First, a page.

Previous balls have featured such themes as the Roaring 20s, Buccaneers’ Ball, Rockin’ 50s and last year’s Evening in Paris. This year instead of costumes and historical props, plans call for a glamorous night of stars on the red carpet in their fashion finery, music and dancing, live and silent auction excitement, and elegant edibles — all in support of a beloved community resource, The Old Lyme-Phoebe Griffin Noyes Library.

This file image from the 2014 Oscar red carpet celebrations gives a hint of the glamorous night ahead at the 2015 Bookworm Ball!

This file image from the red carpet celebrations at the 2014 Oscar  celebrations gives a hint of the glamorous night ahead at the 2015 Bookworm Ball!

The Friends of the Library go all out for the fundraiser, with an event that last year brought in $27,000. The ball takes thousands of volunteer hours to put together, with sponsors providing financial support as well as donated items to be auctioned. Each year the non-profit organization pledges to raise more than $40,000 annually to buy new books and bring educational programs for tots, teens, and adults to the library. All net proceeds from the Ball are dedicated to the financial support of the Library’s programs and collections.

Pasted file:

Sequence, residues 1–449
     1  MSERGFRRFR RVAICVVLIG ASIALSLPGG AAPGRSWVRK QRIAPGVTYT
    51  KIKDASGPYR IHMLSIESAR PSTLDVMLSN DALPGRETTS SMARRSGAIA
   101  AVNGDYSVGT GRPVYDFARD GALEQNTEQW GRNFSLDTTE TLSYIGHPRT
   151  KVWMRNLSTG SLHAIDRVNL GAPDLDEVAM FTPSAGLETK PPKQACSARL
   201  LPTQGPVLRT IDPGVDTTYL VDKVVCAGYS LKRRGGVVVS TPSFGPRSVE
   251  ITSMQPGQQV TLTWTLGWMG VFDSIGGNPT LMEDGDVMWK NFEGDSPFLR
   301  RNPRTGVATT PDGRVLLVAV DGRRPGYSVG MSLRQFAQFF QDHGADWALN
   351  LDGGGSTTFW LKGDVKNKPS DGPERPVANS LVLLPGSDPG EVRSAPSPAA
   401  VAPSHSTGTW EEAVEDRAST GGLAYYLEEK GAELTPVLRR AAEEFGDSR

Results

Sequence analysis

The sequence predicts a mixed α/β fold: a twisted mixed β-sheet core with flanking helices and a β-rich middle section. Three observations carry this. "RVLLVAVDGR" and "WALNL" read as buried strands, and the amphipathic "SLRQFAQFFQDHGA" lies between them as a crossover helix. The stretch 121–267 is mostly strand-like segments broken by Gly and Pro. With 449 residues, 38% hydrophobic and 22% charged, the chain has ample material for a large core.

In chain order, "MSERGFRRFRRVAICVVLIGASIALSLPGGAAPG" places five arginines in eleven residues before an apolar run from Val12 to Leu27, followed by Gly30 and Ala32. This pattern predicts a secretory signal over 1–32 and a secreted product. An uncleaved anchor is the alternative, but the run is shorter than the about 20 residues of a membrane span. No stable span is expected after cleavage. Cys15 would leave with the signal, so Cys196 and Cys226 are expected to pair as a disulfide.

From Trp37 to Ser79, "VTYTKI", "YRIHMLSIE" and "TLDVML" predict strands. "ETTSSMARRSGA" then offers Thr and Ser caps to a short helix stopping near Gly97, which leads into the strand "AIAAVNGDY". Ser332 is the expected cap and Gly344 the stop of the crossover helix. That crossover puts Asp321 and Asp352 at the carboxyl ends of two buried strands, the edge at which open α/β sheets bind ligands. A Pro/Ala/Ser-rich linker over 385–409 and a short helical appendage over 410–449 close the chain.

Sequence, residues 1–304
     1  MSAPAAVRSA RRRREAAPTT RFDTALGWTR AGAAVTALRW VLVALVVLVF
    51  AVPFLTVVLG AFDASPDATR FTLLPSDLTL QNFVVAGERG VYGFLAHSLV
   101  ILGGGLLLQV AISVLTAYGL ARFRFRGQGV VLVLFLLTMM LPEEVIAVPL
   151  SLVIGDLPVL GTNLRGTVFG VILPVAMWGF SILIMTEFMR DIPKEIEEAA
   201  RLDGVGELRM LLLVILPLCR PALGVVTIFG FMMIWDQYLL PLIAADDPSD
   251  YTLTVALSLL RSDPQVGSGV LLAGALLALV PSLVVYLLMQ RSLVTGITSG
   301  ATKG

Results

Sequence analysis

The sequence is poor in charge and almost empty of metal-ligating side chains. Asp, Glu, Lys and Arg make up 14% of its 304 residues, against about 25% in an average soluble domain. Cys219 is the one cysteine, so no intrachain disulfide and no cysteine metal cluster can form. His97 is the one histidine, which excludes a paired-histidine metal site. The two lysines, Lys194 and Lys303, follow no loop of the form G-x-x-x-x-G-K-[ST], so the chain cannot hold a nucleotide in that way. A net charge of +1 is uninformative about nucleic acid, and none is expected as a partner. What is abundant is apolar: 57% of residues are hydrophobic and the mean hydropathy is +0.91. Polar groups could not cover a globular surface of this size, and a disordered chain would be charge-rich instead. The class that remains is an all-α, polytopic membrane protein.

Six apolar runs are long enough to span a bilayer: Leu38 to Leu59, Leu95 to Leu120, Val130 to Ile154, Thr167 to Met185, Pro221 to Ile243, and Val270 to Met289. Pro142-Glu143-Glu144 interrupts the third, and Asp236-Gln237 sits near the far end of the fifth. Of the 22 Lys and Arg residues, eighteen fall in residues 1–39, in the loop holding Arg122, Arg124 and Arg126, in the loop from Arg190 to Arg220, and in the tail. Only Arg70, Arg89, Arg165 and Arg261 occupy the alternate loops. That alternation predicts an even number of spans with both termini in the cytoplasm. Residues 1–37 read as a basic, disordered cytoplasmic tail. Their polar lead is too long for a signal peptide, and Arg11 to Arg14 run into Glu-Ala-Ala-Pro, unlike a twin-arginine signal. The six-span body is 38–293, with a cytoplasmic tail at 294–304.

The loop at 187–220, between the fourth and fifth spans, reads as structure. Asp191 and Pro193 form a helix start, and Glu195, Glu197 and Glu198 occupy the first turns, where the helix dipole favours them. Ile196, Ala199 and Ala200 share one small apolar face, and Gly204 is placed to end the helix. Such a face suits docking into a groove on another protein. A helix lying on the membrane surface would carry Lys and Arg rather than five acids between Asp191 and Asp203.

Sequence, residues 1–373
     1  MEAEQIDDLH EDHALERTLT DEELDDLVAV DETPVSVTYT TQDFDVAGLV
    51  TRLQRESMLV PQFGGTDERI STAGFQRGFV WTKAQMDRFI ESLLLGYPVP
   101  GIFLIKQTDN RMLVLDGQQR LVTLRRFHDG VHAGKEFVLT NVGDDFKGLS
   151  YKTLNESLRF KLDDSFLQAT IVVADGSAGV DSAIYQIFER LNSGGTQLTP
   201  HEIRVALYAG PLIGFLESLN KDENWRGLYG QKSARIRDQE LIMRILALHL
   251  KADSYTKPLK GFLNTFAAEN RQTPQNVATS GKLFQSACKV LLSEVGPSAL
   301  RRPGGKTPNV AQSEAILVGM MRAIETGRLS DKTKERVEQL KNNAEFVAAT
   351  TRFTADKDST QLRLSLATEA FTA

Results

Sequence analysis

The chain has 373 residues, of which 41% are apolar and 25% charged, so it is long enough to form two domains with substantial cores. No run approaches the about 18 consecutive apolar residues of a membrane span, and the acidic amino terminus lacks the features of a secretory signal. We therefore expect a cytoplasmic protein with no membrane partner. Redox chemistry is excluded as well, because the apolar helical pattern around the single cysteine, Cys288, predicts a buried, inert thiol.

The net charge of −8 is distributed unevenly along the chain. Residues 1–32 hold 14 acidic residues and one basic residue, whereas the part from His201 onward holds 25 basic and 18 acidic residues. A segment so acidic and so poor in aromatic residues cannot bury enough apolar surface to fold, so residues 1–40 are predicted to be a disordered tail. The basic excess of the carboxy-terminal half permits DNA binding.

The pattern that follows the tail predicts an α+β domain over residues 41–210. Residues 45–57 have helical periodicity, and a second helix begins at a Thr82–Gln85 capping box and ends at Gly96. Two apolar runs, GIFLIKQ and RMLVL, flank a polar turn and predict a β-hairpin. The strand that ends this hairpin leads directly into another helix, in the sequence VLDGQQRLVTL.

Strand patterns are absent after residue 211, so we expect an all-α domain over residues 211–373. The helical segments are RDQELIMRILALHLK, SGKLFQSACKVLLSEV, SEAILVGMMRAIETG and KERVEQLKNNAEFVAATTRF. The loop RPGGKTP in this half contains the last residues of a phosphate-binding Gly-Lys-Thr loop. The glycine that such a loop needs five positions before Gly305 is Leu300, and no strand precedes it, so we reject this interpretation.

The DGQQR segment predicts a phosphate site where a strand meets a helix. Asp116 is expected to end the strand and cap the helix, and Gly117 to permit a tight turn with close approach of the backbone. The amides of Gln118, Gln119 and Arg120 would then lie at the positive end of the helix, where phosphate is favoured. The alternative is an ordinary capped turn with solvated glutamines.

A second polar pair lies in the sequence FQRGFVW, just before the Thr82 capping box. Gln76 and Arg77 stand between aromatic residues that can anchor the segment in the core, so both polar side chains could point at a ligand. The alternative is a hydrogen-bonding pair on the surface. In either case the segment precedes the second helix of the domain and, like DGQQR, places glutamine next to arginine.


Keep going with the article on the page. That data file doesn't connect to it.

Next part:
“We’re always thinking of ways to make sure this important fundraiser is first and foremost a fun event, ” said Leslie Massa, vice president of the Friends. We know that the library is much loved in the community, but it’s great to see so many people come out to support it.  It seems that word has gotten out that the Bookworm Ball is a good time, and thanks to the support of our sponsors, we’re able to keep the party affordable.” This year those sponsors include Reynolds Subaru, AXA Advisors, Paul Burdick Oil, All-Pro Automotive, Essex Financial/Savings, Jeffrey N. Mehler CFP, LLC and LymeLine.com

Tickets to Hollywood Night at the Bookworm Ball can be reserved by calling the Old Lyme-Phoebe Griffin Noyes Library at (860) 434-1684.

For more information about the Ball and the library, visit http://www.oldlyme.lioninc.org/bookworm-ball-2015/


Late Registration Tonight in Old Saybrook for Cappella Cantorum’s Upcoming Concert

Late registration for Faure’s “Requiem” and Schubert’s “Mass in G” will be held Monday, Jan. 19, at 7 p.m., at St. Mark Episcopal Church, 56 Great Hammock Rd., Old Saybrook.

Register, pay and order music online at CappellaCantorum.org.  Registration is $40 and the scores for Faure’s Requiem, Schubert’s Mass in G, and the Cantique de Jean Racine are respectively $11, $8 and $2.

Cappella Cantorum MasterWorks Chorus, led by Barry Asch, is a non-auditioned chorus, which meets each Monday evenings to rehearse at 7:30 pm.  All singers are welcome to join.

The Concert is Sun. March 22, at 3 pm. The featured soloists are Soprano-Patricia Schuman and Baritone-Christopher Grundy